How credible? - Given the contrast with other public data, and the record of selective release of internal polling that shows a consistent bias favoring sponsoring candidate, some rolled their eyes. "I am 6'7" and can dunk, according to an internal poll I conducted," tweeted Scott Conroy of RealClearPolitics. Mellman's recent record, however, should at least give observers pause. His internal polls for Sen. Harry Reid in Nevada in 2010 showed him leading a race he would go on to win while nearly all public polls showed the Majority leader trailing. Something similar transpired in North Dakota in 2012, when publicly released Mellman polls showed client Heidi Heitkamp leading the race she would win narrowly, while well known public polls showed her trailing by 2 to 10 percentage points. [@RealClearScott, See also [HuffPost on Nevada 2010], North Dakota 2012 chart]

Big undecided? - Even some Democratic partisans saw a flaw in the large number of undecided voters (16 percent) in Mellman's survey, compared to other public polls that have the number in single digits. "[T]here are a ton of undecideds," wrote DailyKos' David Nir, "which are likely to be the death knell of a Democrat seeking federal office in dark red Kentucky." [DailyKos]

Mellman rejects that argument, telling HuffPollster on Thursday, "The undecideds are in no way disproportionately Republican." He also defended the seemingly high undecided percentage via email as "not really a lot given that over the years 10-15% make up their minds on president in last week....and given the nature of this race....Well known disliked incumbent who people don't want to vote for and less well known challenger who people are just getting to know."

ECONOMY REMAINS TOP ISSUE - Jennifer Agiesta: "It's not Obamacare or climate change. It's not yet terrorism or fear of the Islamic State group. Those issues are on the minds of voters as they begin casting ballots in this year's midterm elections, but nothing matters to American voters as much the economy. In a new Associated Press-GfK poll released Wednesday, 9 in 10 of those most likely to go to the polls or mail in a ballot in this year's midterm elections call the economy an extremely or very important issue….Few see change coming once voting closes Nov. 4. A majority of likely voters, 52 percent, expect the Democratic Party to retain control of the Senate, with 68 percent saying the GOP will keep the House….In their own districts, those surveyed are evenly split: 33 percent back a Democratic candidate, 33 percent a Republican, 10 percent another candidate and 23 percent are undecided." [AP]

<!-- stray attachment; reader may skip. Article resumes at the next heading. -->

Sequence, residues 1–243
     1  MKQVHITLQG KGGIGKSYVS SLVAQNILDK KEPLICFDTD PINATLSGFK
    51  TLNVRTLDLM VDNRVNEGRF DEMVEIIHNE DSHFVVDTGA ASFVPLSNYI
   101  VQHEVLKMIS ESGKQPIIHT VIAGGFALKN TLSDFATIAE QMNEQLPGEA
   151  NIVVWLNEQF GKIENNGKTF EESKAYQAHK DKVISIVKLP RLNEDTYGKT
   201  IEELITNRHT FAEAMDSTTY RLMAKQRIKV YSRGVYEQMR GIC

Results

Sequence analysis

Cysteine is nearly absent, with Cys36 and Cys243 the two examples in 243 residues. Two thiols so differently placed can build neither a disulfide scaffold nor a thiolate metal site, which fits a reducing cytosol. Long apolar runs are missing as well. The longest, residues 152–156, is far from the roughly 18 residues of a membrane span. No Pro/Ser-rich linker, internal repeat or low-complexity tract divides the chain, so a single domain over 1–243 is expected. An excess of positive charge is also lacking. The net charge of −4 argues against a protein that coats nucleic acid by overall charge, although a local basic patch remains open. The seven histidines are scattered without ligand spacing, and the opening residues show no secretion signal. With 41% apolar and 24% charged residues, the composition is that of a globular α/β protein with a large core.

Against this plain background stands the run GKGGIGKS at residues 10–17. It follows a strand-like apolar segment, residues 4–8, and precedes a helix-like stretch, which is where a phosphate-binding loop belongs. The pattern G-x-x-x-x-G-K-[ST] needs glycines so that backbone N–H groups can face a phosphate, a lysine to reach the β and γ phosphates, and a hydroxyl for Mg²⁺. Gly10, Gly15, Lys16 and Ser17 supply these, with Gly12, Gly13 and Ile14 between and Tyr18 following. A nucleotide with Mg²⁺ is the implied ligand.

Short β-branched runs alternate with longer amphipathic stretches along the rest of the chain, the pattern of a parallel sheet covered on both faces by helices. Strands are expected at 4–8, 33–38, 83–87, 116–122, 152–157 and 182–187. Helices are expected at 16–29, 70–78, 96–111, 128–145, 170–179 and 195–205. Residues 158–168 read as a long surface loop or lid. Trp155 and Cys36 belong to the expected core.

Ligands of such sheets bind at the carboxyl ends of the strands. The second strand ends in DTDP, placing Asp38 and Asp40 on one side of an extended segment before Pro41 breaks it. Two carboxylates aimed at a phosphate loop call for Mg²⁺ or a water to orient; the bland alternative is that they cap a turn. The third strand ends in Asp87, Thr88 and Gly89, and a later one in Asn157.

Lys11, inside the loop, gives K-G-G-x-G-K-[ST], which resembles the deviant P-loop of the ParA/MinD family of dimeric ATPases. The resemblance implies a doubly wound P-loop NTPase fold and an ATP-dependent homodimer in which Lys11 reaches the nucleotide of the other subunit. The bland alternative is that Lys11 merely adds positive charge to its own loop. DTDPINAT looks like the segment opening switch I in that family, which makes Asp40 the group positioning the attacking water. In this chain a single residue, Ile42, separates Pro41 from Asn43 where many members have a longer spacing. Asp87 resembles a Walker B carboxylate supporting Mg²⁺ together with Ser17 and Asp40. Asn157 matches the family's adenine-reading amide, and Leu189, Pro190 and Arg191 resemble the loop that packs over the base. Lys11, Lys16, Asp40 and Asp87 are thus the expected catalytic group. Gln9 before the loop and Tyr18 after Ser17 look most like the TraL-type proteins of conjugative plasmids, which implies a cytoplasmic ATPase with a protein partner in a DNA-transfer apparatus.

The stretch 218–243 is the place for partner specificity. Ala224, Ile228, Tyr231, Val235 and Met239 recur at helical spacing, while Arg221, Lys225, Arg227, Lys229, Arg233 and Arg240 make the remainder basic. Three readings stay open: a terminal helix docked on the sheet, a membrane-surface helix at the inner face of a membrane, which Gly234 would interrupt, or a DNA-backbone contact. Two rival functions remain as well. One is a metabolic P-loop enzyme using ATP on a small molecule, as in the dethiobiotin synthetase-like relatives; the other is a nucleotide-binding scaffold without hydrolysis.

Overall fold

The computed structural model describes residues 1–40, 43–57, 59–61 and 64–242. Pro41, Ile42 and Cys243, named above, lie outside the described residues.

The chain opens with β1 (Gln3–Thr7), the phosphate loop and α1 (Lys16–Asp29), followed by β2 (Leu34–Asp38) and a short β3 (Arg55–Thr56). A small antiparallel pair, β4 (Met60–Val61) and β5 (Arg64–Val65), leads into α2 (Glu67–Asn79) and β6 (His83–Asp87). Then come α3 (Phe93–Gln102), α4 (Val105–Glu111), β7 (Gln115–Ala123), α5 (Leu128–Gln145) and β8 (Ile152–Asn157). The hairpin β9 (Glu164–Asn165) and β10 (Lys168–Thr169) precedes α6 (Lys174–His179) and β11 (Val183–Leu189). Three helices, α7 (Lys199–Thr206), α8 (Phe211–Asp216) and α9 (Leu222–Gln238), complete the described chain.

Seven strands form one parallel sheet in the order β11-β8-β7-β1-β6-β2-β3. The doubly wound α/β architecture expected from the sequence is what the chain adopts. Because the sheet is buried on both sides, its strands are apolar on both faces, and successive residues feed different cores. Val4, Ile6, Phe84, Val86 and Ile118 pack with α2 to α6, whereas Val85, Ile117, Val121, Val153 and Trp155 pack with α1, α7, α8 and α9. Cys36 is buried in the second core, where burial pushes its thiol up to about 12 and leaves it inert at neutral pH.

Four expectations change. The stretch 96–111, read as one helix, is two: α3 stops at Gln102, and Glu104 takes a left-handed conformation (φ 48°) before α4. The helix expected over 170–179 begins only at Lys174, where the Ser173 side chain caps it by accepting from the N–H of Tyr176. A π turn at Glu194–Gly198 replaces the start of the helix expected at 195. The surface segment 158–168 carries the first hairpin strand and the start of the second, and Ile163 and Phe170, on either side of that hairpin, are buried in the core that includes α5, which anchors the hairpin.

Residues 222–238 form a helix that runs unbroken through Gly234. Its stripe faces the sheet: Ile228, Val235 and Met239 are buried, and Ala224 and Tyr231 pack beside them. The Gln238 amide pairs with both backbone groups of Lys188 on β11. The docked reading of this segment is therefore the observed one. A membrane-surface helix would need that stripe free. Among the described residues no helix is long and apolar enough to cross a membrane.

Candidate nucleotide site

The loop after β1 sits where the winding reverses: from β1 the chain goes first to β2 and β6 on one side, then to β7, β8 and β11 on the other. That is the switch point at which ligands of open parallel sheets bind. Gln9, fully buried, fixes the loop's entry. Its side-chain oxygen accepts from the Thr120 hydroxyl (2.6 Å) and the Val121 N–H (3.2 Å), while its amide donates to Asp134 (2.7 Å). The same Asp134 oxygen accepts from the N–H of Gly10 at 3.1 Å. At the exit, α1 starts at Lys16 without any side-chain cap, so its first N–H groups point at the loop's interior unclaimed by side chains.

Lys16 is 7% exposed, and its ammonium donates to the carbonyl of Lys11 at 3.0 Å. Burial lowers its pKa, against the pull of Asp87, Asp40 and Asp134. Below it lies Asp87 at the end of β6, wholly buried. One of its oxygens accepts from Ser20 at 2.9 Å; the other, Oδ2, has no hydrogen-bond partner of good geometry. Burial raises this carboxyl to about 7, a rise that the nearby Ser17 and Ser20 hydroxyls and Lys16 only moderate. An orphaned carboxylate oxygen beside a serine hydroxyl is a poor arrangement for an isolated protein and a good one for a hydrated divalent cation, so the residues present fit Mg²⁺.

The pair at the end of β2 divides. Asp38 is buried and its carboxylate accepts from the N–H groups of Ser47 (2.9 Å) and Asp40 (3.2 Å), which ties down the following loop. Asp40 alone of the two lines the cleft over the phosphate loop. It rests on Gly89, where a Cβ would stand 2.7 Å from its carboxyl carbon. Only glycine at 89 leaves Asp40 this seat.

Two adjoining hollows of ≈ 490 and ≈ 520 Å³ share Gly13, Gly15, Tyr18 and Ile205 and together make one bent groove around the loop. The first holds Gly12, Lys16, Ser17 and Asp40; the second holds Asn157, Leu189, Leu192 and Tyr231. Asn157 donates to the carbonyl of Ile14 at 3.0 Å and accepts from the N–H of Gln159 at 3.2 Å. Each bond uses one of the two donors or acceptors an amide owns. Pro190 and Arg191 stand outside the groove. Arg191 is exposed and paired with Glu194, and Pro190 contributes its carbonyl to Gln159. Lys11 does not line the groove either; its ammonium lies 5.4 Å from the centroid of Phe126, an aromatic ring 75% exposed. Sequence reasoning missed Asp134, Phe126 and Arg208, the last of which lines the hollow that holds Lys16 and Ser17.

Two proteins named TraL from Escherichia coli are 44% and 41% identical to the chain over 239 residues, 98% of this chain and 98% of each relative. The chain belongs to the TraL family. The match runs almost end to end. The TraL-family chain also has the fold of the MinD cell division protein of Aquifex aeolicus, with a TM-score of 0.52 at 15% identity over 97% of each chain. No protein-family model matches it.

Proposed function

MANY WORRY AIRSTRIKES AGAINST ISIS NOT ENOUGH - Dana Blanton: "The country decisively endorses the military action being taken against ISIS: a large 78-percent majority approves of U.S. airstrikes. That includes more than 7 in 10 independents and Democrats, and more than 8 in 10 Republicans….At the same time, more than twice as many voters believe defeating ISIS will take ground troops as opposed to airstrikes alone (57-24 percent). The number saying it will require combat troops is up six percentage points from 51 percent earlier this month (September 7-9). Moreover, by a 52-42 percent margin, voters favor adding ground troops if airstrikes aren’t enough to defeat ISIS." [Fox]

Another poll finds similar results, but less support for ground troops - Kathy Frankovic: "The latest Economist/YouGov Poll finds support for air strikes against ISIS wherever they are aimed: within the boundaries or Iraq or within Syria. This is something for which there is bipartisan support. Although in recent years Republicans have taken the lead in favoring some military interventions, Americans of both parties have been in favor when it comes to these particular air strikes. But Americans are not at all sure those air strikes will work. They continue to oppose sending ground troops into Iraq and Syria, but many aren’t sure that air strikes alone will be effective in fighting ISIS….Just about half of those who now oppose sending in ground troops leave the door open to the possibility, agreeing that the United States should 'keep the option open.'...The president has made some gains – at least when it comes to his handling of Iraq. At 44%, approval is at the highest level since YouGov returned to asking the question this summer." [YouGov]

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THURSDAY'S 'OUTLIERS' - Links to the best of news at the intersection of polling, politics and political data:

-Ann Selzer explains why findings on the edge of statistical significance shouldn't be called a "statistical dead heat." [Des Moines Register]

-Markos Moulitsas worries that election forecasting models are at the mercy of increasingly noisy poll data. [The Hill]

-Christopher Ingraham looks at why Democratic candidates keep talking about climate change. [WashPost]

-Paul Donaldson (R) examines why Americans have been more likely to support military action against ISIS than in other recent conflicts. [POS]

-Gary Segura and Matt Baretto talk about the politics of the booming Latino population. [WBUR]

-Batya Ungar-Sargon and Andrew Flowers look into how residency requirements affect the racial disparities between police forces and the cities they protect. [538]

-Can people be convinced to share personal information in exchange for (actual) cookies? Yep. [ProPublica]